Understanding what Downtime Monitoring Entails
The term downtime monitoring is used to refer to that time during which production is stopped, especially during setup for an operation or when making repairs. An organization’s system is thus unavailable during downtime monitoring. The inactive time between periods of work, which ultimately leads to downtime monitoring, is due to systems failing to provide or perform their primary function. Downtime monitoring is usually the result of a system failing to function because of an unplanned event, or due to routine maintenance.
Industries to which Downtime Monitoring is applied to
Downtime monitoring is commonly applied to servers and networks. Common reasons for downtime monitoring include system failures (like a crash) or network outages, leading to communications failures. Downtime monitoring is also applied to industrial environments, in relation to failures in industrial production equipment. Some facilities use downtime monitoring to measure the downtime incurred during a work shift, or during a 12 or 24-hour period. Downtime monitoring can be mechanical, electrical, or operational of origin.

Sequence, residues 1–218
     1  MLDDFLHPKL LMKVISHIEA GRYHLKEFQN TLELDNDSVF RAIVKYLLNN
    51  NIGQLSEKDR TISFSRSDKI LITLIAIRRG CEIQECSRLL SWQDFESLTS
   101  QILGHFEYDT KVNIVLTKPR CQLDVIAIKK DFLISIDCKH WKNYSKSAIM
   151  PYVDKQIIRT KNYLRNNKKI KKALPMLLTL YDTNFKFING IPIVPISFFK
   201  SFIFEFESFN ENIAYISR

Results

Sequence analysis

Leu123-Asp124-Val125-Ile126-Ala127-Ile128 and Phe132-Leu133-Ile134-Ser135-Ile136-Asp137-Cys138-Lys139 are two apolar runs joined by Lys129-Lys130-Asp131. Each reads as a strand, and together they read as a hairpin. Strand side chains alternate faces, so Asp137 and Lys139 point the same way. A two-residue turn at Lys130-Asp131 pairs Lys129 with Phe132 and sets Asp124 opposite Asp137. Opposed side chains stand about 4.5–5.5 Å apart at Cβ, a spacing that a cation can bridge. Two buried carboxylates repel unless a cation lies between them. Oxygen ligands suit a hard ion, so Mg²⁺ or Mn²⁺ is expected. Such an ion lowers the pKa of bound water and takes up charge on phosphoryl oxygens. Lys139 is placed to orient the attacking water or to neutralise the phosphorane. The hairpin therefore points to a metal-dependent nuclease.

Causes of Downtime Monitoring
Downtime monitoring might be necessary due to a failure in software (logic controlling equipment), hardware (physical equipment), interconnecting equipment (such as cables or routers), wireless transmission (satellite, wireless), and capacity (system limits).
The failures which ultimately lead to downtime monitoring occur because of scheduled downtime (outages designed into the system for a purpose such as software upgrades and equipment growth), environment (support systems like power and HVAC), overload (traffic or system resources stressed beyond designed limits), engineering (how to use and deployment), damage, failure, design, procedural (improper use by humans), other (none of the above but known), or unknown.
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